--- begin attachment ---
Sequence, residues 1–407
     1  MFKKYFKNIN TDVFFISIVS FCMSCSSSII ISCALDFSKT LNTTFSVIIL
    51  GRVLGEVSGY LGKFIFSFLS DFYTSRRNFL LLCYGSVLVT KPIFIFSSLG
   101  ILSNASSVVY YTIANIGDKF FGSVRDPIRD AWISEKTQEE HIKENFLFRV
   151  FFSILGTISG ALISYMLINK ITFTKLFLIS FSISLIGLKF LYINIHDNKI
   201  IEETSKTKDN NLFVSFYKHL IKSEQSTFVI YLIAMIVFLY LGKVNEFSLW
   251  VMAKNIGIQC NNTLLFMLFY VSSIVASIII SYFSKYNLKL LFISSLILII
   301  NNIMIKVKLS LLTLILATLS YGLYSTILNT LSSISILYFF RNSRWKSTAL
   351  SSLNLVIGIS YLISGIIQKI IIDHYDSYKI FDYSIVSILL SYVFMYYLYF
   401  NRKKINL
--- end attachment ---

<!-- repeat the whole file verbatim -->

Sequence, residues 1–407
     1  MFKKYFKNIN TDVFFISIVS FCMSCSSSII ISCALDFSKT LNTTFSVIIL
    51  GRVLGEVSGY LGKFIFSFLS DFYTSRRNFL LLCYGSVLVT KPIFIFSSLG
   101  ILSNASSVVY YTIANIGDKF FGSVRDPIRD AWISEKTQEE HIKENFLFRV
   151  FFSILGTISG ALISYMLINK ITFTKLFLIS FSISLIGLKF LYINIHDNKI
   201  IEETSKTKDN NLFVSFYKHL IKSEQSTFVI YLIAMIVFLY LGKVNEFSLW
   251  VMAKNIGIQC NNTLLFMLFY VSSIVASIII SYFSKYNLKL LFISSLILII
   301  NNIMIKVKLS LLTLILATLS YGLYSTILNT LSSISILYFF RNSRWKSTAL
   351  SSLNLVIGIS YLISGIIQKI IIDHYDSYKI FDYSIVSILL SYVFMYYLYF
   401  NRKKINL